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Creative licensing

The author explores whether new media is imposing too many constraints on advertising creativity

Madhukar Sabnavis 

Madhukar Sabnavis

We live in an open world. Social media provides a platform for anyone who wants to express an The mass media is all-pervasive and free to amplify any negative with implications for the reputation of both organisations and individuals. Social groups are quite active and have enough forums to promote their views through both the mass media and social media. This, in itself, is not a bad thing. It promotes accountability and transparency. However, in the field of creativity and art, it opens up a set of issues that need to be addressed.

Advertising is an interesting field. It is art, science and commerce rolled into one. Creativity (art) is at the heart of it. You need fresh and original ideas all the time in order to be noticed and remembered by consumers. At the same time, these ideas need to be relevant enough to consumers, so that the product promoted is sold (commerce). And finally, as most marketers and advertising agencies are responsible citizens, whatever is beamed out needs to be socially responsible and sensitive. Few marketers want to create controversy by hurting social sentiments. Accusations of non-originality hurt the creator's reputation and socially insensitive advertisements create unnecessary bad publicity for the brand and the marketer - the approver of the advertisement. Both are real issues in the new media environment in which we live today.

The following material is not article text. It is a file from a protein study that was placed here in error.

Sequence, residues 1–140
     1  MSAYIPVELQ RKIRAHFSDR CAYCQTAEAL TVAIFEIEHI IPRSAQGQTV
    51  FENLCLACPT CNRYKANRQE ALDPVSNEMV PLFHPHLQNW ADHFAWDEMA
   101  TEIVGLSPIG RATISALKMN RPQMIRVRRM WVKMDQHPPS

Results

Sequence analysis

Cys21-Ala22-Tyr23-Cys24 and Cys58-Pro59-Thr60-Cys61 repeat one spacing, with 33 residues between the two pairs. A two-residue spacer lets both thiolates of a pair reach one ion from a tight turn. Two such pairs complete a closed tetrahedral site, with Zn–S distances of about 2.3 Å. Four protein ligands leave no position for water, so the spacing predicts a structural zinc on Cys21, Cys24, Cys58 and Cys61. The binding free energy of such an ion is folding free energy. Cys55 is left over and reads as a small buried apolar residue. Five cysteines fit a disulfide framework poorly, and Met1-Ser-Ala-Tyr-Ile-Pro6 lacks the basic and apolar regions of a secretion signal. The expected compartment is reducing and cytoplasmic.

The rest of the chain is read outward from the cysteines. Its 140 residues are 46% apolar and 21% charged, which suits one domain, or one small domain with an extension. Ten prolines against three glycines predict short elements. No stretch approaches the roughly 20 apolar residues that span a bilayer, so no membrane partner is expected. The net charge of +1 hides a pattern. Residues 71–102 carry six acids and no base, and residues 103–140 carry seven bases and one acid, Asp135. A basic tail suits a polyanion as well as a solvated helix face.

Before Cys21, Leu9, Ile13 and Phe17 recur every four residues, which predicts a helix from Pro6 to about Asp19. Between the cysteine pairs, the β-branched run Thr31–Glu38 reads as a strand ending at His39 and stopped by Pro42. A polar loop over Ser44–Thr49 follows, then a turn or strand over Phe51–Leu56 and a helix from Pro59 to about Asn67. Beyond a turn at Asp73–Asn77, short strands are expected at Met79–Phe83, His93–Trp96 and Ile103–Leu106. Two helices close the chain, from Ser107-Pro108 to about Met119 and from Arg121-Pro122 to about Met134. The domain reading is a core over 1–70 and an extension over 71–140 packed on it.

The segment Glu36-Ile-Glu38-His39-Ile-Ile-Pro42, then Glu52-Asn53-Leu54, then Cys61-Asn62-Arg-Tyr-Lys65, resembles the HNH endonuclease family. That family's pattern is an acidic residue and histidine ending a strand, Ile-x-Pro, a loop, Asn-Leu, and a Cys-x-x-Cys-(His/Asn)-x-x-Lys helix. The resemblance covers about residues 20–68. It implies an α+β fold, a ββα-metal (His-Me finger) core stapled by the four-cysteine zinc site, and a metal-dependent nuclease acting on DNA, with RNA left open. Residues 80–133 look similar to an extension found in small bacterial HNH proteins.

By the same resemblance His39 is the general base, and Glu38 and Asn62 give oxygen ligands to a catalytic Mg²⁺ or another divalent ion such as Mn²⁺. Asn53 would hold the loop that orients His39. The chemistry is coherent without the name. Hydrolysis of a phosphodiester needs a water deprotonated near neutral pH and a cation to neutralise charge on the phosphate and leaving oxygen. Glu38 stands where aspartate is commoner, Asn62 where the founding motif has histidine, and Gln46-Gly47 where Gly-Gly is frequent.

Let me tackle originality first. The line between copying, building and being inspired by an idea from the past is very thin. At one level, there are very few original ideas; much of what is being created today has been thought of and done before by someone else in some form, some time, somewhere. New media provides the platform to find and weigh similarities, and amplify these personal observations; views become public and can be damaging. While this cannot be stopped, it's time for creators and approvers to view this a little more cautiously and not let social or mass-media statements become judgements.

The social sensitivity bit is more complicated and has larger - not necessarily more serious, as individual creative reputations are also important - brand implications.